Breaking from traditional advice and often strict company policies against allowing employees to write down passwords, Bruce Schneier, CTO of Counterpane Internet Security pointed out that, "people can no longer remember passwords good enough to reliably defend against dictionary attacks, and are much more secure if they choose a password too complicated to remember and then write it down".
Schneier suggested that people write their valuable passwords on a piece of paper and keep it in their wallets. "Obscure it somehow if you want added security: write 'bank' instead of the URL of your bank, transpose some of the characters, leave off your userid," he explained.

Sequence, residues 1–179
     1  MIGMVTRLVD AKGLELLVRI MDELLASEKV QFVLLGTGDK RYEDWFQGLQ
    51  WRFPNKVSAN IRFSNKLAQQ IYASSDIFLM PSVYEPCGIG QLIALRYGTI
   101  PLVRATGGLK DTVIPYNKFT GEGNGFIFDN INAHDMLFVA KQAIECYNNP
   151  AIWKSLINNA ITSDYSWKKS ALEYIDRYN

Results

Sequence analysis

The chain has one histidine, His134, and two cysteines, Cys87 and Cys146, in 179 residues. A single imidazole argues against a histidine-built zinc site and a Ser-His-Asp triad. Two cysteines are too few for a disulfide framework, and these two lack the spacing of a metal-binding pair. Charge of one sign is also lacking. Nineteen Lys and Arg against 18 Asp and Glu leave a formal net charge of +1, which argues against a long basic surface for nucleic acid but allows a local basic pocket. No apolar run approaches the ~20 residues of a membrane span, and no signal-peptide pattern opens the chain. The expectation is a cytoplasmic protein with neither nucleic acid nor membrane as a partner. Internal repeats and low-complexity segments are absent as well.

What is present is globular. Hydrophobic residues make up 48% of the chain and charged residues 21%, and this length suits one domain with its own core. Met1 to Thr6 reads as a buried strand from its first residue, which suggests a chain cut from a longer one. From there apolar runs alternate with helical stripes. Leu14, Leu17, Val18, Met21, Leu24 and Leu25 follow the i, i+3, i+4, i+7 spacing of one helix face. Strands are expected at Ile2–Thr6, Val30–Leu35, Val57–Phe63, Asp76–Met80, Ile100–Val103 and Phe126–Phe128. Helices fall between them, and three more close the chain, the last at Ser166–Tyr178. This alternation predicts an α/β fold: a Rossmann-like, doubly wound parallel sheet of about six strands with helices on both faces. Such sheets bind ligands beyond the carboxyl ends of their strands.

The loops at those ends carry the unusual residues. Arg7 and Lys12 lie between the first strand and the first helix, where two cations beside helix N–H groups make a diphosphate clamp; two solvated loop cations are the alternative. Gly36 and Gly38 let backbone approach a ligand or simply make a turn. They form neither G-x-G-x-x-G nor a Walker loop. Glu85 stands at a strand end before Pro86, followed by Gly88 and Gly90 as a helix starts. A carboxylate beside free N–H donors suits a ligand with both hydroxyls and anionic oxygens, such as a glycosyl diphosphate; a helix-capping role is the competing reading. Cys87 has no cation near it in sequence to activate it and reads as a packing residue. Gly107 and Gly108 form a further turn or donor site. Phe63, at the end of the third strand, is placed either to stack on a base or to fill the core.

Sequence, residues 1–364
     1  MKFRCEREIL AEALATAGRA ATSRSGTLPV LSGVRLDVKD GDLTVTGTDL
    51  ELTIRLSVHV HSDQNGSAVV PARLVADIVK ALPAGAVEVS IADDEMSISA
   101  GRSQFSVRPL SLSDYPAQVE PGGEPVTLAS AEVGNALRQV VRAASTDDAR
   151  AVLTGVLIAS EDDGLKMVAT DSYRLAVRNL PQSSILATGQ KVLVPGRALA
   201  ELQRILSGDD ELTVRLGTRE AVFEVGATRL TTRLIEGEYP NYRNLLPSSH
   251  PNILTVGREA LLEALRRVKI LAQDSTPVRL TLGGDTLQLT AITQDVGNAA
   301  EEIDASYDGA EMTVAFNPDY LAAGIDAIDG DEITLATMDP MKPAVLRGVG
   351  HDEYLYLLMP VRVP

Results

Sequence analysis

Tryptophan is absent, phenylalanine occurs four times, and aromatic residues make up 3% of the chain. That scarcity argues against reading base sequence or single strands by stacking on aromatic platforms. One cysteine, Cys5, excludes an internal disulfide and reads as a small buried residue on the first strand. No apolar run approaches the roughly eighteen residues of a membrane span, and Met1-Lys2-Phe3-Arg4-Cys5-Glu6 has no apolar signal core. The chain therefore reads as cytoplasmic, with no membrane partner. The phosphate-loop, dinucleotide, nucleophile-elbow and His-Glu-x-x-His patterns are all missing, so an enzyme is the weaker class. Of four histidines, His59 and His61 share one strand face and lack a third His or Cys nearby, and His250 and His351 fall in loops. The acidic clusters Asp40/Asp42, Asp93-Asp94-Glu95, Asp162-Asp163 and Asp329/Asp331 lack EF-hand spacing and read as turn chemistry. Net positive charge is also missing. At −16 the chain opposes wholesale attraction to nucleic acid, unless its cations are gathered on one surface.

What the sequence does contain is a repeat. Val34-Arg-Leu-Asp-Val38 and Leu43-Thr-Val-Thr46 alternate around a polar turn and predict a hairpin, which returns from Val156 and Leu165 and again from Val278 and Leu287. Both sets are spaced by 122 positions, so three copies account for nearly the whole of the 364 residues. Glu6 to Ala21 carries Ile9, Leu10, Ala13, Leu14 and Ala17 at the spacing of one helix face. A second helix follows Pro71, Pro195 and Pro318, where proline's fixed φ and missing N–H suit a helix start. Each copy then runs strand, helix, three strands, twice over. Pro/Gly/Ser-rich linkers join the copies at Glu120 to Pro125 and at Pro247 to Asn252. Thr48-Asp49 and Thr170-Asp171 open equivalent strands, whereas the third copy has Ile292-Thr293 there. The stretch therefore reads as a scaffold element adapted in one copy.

Jesper Johansson, senior program manager for security policy at Microsoft, agreed. "If I write them down and then protect the piece of paper – or whatever it is I wrote them down on – there is nothing wrong with that. That allows us to remember more passwords and better passwords," he said at a conference hosted by Australia's Computer Emergency Response Team.
"Writing down your impossible-to-memorize password is more secure than making your password easy to memorize," Schneier added. And those who already follow this practice are breathing a sigh of relief.